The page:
What they were celebrating, everyone knew--but no one would say. Not Monday night. If their verdict was stunning, the world could wait til morning to be stunned. After 265 nights, the O.J. Simpson jury was marking the end of its court-ordered hotel stay. And nice as the digs were, the way they figured it, the situation called for a toast.
"It was incredible," said Jeanette Baker, the in-house pianist at the Hotel Inter-Continental, where the jurors celebrated their last night of sequestration Monday with an extremely private champagne blowout in the penthouse presidential suite.
"It was like a family reunion. They sang 'Come On Baby, Let the Good Times Roll' and 'Stormy Monday Blues.' We had one 72-year-old juror who did a dance, sort of like a little old soft-shoe."
And at the end, after they tossed back the last of the California champagne and nibbled the final salmon-on-toast canape, they hugged one another, hugged the pianist, even hugged the head of housekeeping and the pastry chef.
After all, said Lewis N. Fader, the Inter-Continental's general manager, "they'd been here a long time and felt they'd accomplished something. I think they were just happy to have survived."
For more than nine months, until the verdict was announced, the Inter-Continental was home to the 12 jurors and two remaining alternates. Their sequestration took place in a cluster of standard, $180-a-night rooms for which the county paid less than $100 a night. Just a few blocks from the Downtown courthouse, the hotel was built in 1992.
Their airy beige quarters, with king-sized beds and hotel art, were of the sort a business traveler might expect. But, for them, the Zenith TVs in the oak armoires were inoperable for the duration of their stay, as were the phones. And when the jurors left the building, they had to use the service elevator while a deputy stood guard.
No one was supposed to know the jurors were there, of course--it was all very hush-hush--but the secret naturally leaked out that they could be found under tight security on the fifth floor, the floor on which the elevator didn't stop.
Who told? No one knew. But somehow word got out, to the point that Robert Dubec, night desk clerk, would get businessmen who had just gotten off planes at LAX wandering into the lobby with sly references to "your important clientele."
"I'd say, 'How'd you find out? No one is supposed to know!' " Dubec said, laughing. "And they'd say, 'I hear the [juror] with the blond hair is the one to watch.' "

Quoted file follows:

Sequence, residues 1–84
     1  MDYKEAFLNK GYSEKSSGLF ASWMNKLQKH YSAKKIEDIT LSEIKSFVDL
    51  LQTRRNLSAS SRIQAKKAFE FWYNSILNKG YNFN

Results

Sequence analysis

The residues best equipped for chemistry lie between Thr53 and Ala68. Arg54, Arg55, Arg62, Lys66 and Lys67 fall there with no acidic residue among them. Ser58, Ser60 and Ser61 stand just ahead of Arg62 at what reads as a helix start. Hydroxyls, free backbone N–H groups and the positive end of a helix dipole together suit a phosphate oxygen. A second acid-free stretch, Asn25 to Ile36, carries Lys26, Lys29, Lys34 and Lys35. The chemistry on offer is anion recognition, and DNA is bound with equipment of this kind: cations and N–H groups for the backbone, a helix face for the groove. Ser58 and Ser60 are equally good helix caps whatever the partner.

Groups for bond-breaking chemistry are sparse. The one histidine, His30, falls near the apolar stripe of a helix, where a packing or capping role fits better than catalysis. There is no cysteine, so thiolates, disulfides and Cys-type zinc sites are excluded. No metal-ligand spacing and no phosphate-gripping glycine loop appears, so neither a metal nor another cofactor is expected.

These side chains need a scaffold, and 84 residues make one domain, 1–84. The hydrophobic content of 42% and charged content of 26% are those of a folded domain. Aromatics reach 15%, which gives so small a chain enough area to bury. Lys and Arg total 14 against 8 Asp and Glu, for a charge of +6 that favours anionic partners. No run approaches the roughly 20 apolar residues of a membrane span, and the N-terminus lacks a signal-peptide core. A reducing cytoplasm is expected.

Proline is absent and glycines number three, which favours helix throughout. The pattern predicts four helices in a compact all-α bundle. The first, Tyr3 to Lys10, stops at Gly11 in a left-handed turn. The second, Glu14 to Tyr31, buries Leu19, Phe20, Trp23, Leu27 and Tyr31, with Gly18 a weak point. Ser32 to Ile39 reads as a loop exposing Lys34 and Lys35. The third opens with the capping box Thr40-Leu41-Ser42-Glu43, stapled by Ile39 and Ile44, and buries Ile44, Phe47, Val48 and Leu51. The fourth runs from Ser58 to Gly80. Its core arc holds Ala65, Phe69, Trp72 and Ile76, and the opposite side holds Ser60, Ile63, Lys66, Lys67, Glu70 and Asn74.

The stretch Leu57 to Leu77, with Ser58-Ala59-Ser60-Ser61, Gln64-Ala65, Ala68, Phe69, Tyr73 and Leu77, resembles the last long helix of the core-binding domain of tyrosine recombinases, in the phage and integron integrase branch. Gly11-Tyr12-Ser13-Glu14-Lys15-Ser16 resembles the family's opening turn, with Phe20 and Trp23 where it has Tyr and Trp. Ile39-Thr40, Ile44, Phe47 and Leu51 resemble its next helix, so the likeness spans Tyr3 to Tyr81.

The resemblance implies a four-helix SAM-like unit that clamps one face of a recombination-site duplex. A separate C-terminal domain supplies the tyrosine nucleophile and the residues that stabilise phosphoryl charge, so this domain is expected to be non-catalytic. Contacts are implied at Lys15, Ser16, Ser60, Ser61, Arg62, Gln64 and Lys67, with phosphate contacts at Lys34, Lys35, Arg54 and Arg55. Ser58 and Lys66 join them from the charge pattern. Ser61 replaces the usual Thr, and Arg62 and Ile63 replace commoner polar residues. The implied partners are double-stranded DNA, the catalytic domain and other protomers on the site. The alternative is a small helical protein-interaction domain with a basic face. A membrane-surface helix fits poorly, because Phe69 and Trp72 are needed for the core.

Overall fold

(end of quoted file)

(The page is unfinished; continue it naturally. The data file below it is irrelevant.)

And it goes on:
People everywhere seemed to know. Two radio deejays in Denver joked in September that it would be easy to smoke out the Simpson 12: All you had to do was jump off the Inter-Continental elevator at every floor and yell, "Conjugal visits!" Real loud.
On Tuesday, however, the speculation ended, and the hotel could finally confirm it: Yes, the rumors were true. Yes, the jury slept here. And yes, they were very glad to be going home. So glad, in fact, that they didn't even bother to take home a souvenir hotel towel.
"We made every effort to limit the knowledge that they were in this hotel," Fader said. "Security was extremely high."
The stairwell doors to the fifth floor, which the jurors had all to themselves, could only open from the inside. Hotel records listed each juror by various one-word pseudonyms, "code words so weird you'd never guess," Fader said.
Fewer than 30 hotel staffers even knew for sure they were there--Fader did not get to meet them until the reception and steak dinner Monday night. Only half a dozen trusted maids and two food servers cleaned their rooms and delivered their meals. And heard their complaints--about their isolation, their boredom, the rich hotel food.
On their last night, however, all was forgiven. They gathered around Baker's baby grand and giddily autographed one another's commemorative menus. On Tuesday morning, they would walk free again, as free as the man whose fate had quivered in their hands all this time.
Below them, as they gazed out the floor-to-ceiling windows of the penthouse suite, all of Los Angeles was at their feet--the city streets, the tall skyscrapers and in the foreground, the courtyard of the Museum of Contemporary Art, with its magnificent public sculpture by the artist Claes Oldenburg.
If they saw any irony in the 17-story view, nary a juror let on. As Oldenburg's sculpture--a massive, mysterious, unsheathed knife--opened and slowly closed, the jurors poured another round and swayed to the pianist's rendition of "Unforgettable."